The Experimentation and Positive Influence of Indie Games
The gaming industry is, well, an industry. In any business or industry, sales are important. The problem with industries is that they often stagnate and rarely innovate. This happens in the gaming industry quite often. A game that tries something new and becomes incredibly popular. For the next few years, every game attempts to emulate it. This is particularly notable in the triple A industry where millions of dollars are on the line if a game fails. No matter how much a game is adored by fans, publishers are interested in numbers. It’s very rare that a game bombs and receives a sequel. Entire game series have been scrapped due to the failure of a single installment.
This leaves both developers and gamers in an uncomfortable situation. For developers, the artistic integrity of their vision can be sacrificed in varying ways. A game may have been a passion project, but because the publishers scrapped it, the series will not see any DLC or expansion packs, let alone a sequel. The developers are also forced to add or remove features from a game to appeal to the same market that bought another game. This includes actions such as removing most of the story segments from Destiny or forcing multiplayer onto Watch_Dogs. And, more than anything, it can lead to publishers requesting a game in an already over-saturated market. Lawbreakers is a good example of this developing a game where there is already a highly saturated market for it. Worse than any of the above issues is having to produce the same game on a yearly basis like Call of Duty or Assassin’s Creed.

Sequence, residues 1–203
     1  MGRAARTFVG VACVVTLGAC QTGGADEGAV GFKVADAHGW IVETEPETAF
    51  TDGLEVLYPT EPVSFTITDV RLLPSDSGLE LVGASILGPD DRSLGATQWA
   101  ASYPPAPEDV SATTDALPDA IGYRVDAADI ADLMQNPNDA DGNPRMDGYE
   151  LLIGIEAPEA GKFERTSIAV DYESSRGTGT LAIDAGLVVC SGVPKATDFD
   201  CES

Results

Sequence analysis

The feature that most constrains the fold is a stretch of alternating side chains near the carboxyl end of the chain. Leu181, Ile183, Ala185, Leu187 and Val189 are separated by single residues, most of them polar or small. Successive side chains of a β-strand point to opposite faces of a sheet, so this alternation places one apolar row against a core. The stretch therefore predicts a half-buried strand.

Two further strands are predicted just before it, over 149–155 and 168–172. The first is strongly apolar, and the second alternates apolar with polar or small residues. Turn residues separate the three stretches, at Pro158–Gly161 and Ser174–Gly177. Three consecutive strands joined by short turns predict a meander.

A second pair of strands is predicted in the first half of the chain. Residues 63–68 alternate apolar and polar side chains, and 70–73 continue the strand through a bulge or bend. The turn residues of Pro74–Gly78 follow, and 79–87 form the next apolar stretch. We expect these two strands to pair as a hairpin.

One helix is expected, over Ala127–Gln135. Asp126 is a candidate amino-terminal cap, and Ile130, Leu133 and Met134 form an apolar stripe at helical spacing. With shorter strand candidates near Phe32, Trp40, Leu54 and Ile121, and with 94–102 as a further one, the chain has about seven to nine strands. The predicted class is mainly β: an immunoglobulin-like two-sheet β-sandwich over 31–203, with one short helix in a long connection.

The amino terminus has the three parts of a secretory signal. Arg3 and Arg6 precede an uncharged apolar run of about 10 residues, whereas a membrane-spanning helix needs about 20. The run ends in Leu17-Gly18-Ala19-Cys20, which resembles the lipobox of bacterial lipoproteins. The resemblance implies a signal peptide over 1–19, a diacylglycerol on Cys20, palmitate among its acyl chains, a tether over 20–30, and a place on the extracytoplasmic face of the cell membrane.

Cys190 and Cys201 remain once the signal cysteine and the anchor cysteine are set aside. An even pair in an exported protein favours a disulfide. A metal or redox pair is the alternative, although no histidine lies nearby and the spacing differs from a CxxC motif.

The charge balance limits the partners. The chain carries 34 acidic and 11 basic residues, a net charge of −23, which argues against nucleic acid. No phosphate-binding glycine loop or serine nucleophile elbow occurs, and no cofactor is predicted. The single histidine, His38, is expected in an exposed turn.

On the gamer’s end, this leads to apathy. Gamers get bored of having to choose between two different versions of the same game. Games will always be compared to one another, so if too many games on the market are similar, most players will simply opt out of buying any of them. If a game doesn’t do enough to separate itself from the crowd, it’s doomed to fail. At the height of MOBA popularity, the only games that continued to thrive were Smite, DOTA 2, and League of Legends. Most others are now barely scraping by or cancelled altogether. Casual gamers will continue to buy the most popular version of whatever the flavor of the month is, but only for so long. The end result is hardcore gamers becoming jaded and casual gamers losing the ability to see the difference between games.